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Phyton (Buenos Aires)

versión On-line ISSN 1851-5657


KROPF, AI; DEREGIBUS, VA  y  CECCHI, GA. A state and transition model for the eastern Monte Phytogeographycal Province in Rio Negro. Phyton (B. Aires) [online]. 2015, vol.84, n.2, pp.390-396. ISSN 1851-5657.

We developed a functional model for a shrub steppe vegetation of the eastern Monte Phytogeographical Province in Río Negro (Argentina) with six stable states and 12 transitions, based on the woody encroachment degree, characteristics of the herbaceous layer and the soil surface, and biological crust cover. Information was obtained from letters of naturalists and travelers along the region since the late eighteenth century, reports of old settlers, and our own research work. On the Monte, different functional groups can be distinguished. Our work focused on the three most conspicuous to analyze the dynamics of the system: shrubs, grasses and biological crust. The shrub layer is only affected by large-scale disturbances (fire, mechanical clearing) which maintain the balance between grasses and shrubs in the system. Mechanical clearing with soil removal also causes a decrease in grass cover and vegetation diversity. This layer, however, is most frequently affected by intensive and continuous grazing, which reduces the occurrence of fires and shifts the equilibrium toward the shrubs. All disturbances in general deteriorate the biological crust that covers the soil, which ofers situations of facilitation for the regeneration of the herbaceous layer. Grazing and mechanical clearing reduce soil cover and promote the development of soil compaction, which reduce water infltration and germination and/or seedling establishment, and this creates deteriorated states difficult to reverse. Those states can also be produced by tillage for agriculture and stubble grazing. Some of the transitions that we describe can be favored through grassland management strategies, in order to reach higher states of pastoral value and reverse deteriorating situations.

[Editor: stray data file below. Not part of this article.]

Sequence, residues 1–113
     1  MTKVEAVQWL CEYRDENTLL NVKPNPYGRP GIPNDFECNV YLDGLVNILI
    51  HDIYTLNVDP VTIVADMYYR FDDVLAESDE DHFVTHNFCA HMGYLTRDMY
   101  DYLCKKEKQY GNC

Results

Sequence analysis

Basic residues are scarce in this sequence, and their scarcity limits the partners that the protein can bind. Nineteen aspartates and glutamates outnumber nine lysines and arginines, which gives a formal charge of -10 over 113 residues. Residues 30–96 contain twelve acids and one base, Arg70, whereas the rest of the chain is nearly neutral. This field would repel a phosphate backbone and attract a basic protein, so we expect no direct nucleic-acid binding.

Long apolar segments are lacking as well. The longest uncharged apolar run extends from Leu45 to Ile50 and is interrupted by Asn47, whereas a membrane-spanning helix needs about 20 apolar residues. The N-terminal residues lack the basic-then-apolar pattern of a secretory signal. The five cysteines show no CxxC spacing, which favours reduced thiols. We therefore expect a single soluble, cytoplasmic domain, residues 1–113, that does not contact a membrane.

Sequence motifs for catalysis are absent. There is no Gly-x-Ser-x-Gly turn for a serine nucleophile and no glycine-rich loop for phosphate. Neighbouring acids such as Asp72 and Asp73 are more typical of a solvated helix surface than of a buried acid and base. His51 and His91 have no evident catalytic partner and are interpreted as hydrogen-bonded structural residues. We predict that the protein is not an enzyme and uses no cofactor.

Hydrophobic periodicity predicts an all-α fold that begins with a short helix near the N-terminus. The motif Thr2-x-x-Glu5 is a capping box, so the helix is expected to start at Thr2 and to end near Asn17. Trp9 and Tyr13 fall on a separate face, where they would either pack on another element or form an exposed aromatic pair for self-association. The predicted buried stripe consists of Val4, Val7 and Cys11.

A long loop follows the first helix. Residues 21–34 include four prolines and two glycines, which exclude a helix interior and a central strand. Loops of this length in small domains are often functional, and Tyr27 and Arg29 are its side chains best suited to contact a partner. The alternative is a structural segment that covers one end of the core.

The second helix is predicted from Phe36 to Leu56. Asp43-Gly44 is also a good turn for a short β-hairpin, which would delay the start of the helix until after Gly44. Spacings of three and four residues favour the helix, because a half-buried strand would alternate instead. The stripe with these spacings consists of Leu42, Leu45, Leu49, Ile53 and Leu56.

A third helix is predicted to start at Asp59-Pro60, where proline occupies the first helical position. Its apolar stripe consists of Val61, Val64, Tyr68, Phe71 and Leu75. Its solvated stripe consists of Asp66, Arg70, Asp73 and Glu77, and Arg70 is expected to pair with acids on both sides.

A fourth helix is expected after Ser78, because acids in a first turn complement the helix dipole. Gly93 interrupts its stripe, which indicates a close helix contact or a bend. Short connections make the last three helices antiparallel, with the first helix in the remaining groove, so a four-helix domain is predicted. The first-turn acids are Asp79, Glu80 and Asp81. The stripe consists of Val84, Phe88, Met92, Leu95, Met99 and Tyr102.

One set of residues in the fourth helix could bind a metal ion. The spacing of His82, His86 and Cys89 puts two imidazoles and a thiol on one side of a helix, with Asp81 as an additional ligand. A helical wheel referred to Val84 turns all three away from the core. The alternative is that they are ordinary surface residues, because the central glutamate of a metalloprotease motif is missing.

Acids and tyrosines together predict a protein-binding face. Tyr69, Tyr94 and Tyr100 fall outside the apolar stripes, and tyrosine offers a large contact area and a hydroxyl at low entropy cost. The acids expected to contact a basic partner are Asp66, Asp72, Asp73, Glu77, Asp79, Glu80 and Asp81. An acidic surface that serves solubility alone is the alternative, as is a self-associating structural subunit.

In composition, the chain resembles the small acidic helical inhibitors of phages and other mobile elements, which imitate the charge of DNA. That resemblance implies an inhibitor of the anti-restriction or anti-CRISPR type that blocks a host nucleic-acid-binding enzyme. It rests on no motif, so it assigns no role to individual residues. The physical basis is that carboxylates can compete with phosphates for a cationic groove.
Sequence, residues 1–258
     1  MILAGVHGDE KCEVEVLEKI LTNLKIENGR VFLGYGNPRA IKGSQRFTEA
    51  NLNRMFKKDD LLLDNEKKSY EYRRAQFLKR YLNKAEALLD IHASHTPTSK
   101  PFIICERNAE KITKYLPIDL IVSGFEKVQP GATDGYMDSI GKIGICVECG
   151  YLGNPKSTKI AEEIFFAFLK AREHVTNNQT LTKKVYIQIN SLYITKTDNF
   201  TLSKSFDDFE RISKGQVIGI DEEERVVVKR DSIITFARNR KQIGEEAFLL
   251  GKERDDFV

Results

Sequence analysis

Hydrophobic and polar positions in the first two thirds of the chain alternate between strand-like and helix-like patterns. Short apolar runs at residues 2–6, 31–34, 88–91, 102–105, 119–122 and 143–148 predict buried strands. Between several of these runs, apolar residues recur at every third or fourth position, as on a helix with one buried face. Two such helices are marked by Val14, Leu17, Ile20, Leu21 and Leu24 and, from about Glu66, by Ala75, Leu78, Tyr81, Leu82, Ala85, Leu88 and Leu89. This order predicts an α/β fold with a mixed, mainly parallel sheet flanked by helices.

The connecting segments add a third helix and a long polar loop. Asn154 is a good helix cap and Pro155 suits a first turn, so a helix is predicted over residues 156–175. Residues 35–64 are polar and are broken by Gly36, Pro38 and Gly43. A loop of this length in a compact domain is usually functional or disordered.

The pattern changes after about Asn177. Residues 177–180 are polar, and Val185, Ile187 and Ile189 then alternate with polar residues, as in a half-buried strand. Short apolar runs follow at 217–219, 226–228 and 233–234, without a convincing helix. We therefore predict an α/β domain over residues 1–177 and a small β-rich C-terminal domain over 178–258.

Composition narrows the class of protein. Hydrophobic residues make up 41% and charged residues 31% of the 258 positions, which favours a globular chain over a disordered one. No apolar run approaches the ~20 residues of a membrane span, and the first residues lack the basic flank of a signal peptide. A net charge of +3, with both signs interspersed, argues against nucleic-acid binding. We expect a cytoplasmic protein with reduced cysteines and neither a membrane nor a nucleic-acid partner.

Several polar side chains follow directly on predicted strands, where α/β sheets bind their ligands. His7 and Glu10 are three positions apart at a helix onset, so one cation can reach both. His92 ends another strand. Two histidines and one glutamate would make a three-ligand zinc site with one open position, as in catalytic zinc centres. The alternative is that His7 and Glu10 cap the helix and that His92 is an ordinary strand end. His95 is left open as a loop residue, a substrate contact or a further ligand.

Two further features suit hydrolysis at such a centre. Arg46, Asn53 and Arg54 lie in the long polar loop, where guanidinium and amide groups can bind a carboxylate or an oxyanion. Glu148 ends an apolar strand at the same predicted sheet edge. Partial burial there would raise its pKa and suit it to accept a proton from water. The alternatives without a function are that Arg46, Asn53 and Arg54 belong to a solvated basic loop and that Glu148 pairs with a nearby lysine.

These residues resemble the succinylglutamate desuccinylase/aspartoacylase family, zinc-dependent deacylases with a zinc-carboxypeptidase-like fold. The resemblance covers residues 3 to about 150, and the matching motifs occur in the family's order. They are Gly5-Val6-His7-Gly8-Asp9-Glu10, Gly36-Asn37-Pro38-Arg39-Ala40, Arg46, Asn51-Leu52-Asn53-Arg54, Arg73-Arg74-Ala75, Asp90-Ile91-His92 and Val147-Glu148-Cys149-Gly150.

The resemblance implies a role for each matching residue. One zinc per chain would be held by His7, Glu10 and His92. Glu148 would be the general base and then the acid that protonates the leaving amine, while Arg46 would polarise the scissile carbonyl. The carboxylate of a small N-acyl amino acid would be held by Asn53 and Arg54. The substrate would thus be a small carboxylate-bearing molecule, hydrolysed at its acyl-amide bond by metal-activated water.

Palabras clave : Biological crust; Fire; Grazing; Mechanical clearing; Resilience.

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